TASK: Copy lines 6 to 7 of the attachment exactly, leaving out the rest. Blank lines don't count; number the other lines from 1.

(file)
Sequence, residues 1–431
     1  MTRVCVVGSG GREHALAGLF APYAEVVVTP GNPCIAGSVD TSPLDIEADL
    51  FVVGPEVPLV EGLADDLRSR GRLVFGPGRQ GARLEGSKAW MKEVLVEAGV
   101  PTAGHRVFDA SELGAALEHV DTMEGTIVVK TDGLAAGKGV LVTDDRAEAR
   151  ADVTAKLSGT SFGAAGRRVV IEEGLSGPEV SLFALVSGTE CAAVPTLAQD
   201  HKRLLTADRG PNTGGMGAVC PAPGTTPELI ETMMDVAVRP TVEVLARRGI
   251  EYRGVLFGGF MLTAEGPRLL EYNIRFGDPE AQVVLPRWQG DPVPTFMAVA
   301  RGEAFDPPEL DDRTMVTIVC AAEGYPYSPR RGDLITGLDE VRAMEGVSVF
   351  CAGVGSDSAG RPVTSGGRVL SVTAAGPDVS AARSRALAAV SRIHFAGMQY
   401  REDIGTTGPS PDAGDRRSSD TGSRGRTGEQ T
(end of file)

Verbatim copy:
   201  HKRLLTADRG PNTGGMGAVC PAPGTTPELI ETMMDVAVRP TVEVLARRGI
   251  EYRGVLFGGF MLTAEGPRLL EYNIRFGDPE AQVVLPRWQG DPVPTFMAVA